Case studies show how attractions capitalized on 2016’s biggest sensation, “Pokémon Go”
by Michael Switow
Last August during the height of “Pokémon Go” mania, every weekday Enchanted Kingdom’s digital media marketer, Zyrille Limpin, briskly walked from one “PokéStop” in the park to another. She was releasing “lures,” the pink hearts and cherry blossom petals that attract the fictional Pokémon creatures and, with them, the multitudes of fans who play the game.
“Filipinos embraced the craze with open arms. From the moment it was officially released in the country, it was ‘Pokémon Go’ everywhere. In schools, malls, parks, restaurants, even offices, players were glued to their smartphones,” says Limpin, who is herself a huge Pokémon fan. “We launched our ‘Pokémon Go’ campaign to cater to the generation that loves this franchise, particularly the millennials. We wanted people to know they can have the best of both worlds at Enchanted Kingdom—they can release their inner Pokémon master and enjoy our rides and offerings at the same time.”
By encouraging gamers to come to the park, Enchanted Kingdom, located about 30 miles south of Manila, was following a marketing strategy that has been adopted by attractions from the Louisville Zoo to the Sydney Opera House: leverage a popular fad to drive attendance and generate revenue.
To better understand this strategy, particularly for those who haven’t played “Pokémon Go,” here’s a brief tutorial: Niantic Labs updated the classic 1990s Nintendo video game by bringing it into the mobile environment and adding augmented reality. “Trainers,” as players are known, wander the real world trying to catch as many Pokémon as they can by flicking a virtual PokéBall at the animated creatures that appear on their phones. Once caught, trainers teach the Pokémon to battle each other in “gyms.” There are hundreds of different types of Pokémon—some more rare than others—which is particularly pertinent for attracting gamers.
The game was released in summer 2016 in some 70 markets (and is now available in more than 110 countries). It quickly became one of the world’s most popular apps, grossing more than $600 million in just three months as it was downloaded half a billion times. At its height, mobile users spent almost as much time searching for the brightly colored Pokémon as they did playing the next 19 mobile games combined.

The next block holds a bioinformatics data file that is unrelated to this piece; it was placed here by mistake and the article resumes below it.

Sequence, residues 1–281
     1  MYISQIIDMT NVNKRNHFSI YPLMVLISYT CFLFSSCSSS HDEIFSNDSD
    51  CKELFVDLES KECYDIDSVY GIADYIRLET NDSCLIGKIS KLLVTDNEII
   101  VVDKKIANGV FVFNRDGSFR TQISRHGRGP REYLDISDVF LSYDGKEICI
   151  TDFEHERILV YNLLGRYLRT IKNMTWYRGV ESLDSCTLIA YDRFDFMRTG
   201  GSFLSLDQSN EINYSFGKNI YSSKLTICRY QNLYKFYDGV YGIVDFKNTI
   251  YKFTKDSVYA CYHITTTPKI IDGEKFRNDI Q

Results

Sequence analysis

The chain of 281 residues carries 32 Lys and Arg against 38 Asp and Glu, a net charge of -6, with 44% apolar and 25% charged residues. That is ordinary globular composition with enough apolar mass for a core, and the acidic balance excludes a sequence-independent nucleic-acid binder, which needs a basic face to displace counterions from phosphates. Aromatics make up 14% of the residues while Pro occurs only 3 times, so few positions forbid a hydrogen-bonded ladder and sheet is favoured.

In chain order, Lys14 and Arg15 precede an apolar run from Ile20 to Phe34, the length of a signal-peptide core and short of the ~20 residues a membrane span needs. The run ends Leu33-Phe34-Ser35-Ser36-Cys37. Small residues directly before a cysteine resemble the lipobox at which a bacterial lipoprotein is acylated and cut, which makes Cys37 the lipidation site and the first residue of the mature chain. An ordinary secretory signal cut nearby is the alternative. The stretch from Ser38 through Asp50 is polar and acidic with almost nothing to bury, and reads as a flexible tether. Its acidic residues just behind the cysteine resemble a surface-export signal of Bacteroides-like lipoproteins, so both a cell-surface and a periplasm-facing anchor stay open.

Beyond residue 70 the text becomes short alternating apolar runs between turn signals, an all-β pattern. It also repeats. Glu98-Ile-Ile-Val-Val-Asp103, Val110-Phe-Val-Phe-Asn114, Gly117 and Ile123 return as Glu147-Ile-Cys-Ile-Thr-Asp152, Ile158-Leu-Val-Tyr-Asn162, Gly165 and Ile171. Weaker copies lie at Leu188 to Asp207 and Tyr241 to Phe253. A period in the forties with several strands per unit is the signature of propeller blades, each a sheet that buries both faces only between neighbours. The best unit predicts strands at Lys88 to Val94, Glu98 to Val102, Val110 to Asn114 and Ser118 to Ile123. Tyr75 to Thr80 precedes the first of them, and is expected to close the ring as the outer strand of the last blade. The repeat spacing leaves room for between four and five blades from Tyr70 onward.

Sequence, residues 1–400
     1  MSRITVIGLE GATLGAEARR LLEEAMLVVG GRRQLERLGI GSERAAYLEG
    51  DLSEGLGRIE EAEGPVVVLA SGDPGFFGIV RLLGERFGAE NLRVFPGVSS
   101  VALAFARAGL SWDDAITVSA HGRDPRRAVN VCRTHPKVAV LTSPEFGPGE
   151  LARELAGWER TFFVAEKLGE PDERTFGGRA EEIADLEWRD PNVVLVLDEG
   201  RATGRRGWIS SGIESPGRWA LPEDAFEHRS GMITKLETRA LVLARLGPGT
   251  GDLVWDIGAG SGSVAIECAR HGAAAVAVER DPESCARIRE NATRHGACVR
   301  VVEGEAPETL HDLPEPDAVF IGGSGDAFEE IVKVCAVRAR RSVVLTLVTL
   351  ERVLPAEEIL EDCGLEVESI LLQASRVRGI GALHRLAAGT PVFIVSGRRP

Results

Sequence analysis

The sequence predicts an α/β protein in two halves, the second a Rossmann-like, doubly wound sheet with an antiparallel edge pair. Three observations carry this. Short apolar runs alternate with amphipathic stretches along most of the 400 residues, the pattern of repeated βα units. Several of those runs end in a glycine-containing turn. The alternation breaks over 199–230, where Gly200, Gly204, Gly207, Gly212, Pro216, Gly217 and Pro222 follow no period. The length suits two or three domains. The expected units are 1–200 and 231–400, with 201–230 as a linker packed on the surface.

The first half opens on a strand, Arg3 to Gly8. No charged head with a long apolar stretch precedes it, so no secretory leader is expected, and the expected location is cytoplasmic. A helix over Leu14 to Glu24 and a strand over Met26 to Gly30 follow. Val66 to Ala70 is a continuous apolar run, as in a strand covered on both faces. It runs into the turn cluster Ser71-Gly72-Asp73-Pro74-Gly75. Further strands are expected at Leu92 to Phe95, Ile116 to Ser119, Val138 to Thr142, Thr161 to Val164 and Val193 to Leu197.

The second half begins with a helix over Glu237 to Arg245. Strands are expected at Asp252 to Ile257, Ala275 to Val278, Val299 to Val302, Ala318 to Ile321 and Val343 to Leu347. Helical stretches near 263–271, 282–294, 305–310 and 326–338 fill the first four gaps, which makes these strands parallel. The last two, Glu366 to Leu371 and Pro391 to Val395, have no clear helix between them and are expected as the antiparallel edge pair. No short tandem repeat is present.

The furor around “Pokémon Go” has calmed down in the months since its debut, so it’s perhaps a good time to look back at how the game impacted the industry in preparation for whatever the next digital fad may be.
Playing the Game
There are a number of different ways attractions tried to capitalize on “Pokémon Go’s” success:
- Malaysia’s Sunway Lagoon ran a six-week campaign offering a 40 percent discount off the gate to the first 100 Pokémon players wearing the Pokémon color of the day and set a target of welcoming an additional 2,700 visitors during the promo period.
- The Seattle Art Museum posted a slideshow on Instagram showing Pokémon species in its galleries.
- Busch Gardens Tampa Bay held a public “lure-a-thon” and gave season-pass holders an exclusive one-hour head start.
- For just A$25, Australia’s Dreamworld offered special after-hours guided Pokémon tours.
A key to understanding these promotions is that “trainers” catch the elusive augmented-reality Pokémon at real-world PokéStops, and they are particularly attracted to places with uncommon Pokémon species.
Niantic places PokéStops in locations that receive a lot of foot traffic—including museums, zoos, aquariums, and theme parks. The company says PokéStops are located in places that are free to visit, but, in reality, many are on the other side of the turnstile. For example, there are 15 PokéStops at Enchanted Kingdom, 12 of which are inside the park.
The lures Limpin was releasing at Enchanted Kingdom are purchased within the “Pokémon Go” app. Anyone can buy them, but you need to be physically present at the PokéStop first (though some players have hacks to get around this), which is why Limpin needed to visit each one in rapid succession. Enchanted Kingdom decided to release lures inside the park every weekday at 4 p.m., because that’s a slow period. “It’s around siesta time when people are resting, sitting down, and looking at their phones. It’s also not hot, so it’s the best time,” she explains.
Each lure costs $1 and lasts for 30 minutes, which meant Limpin had to revisit each PokéStop two to three times to ensure a continuous campaign, providing her with a good daily workout, as well. (She estimates walking at least 2-3 kilometers during peak Pokémon hours.) Limpin also budgeted for random releases, so she could purchase additional lures when she noticed players—easily identifiable by their portable chargers—in the park.
“I just figured they’d like that. I know how it feels to see a rare Pokémon,” says Limpin, adding that the best advice she can offer parks wanting to leverage a promotion like this is: “Play the game! Understand what it’s like to be a player.”
In addition to the lures, Enchanted Kingdom created other Pokémon related events—a real-world PokéBall hunt for kids (think Easter eggs) and a contest with questions like “Who’s that Pokémon?” and “Name the most Pokémon you can within 30 seconds.” While the quiz was designed for adults, two children below the age of 10 apparently schooled their elders.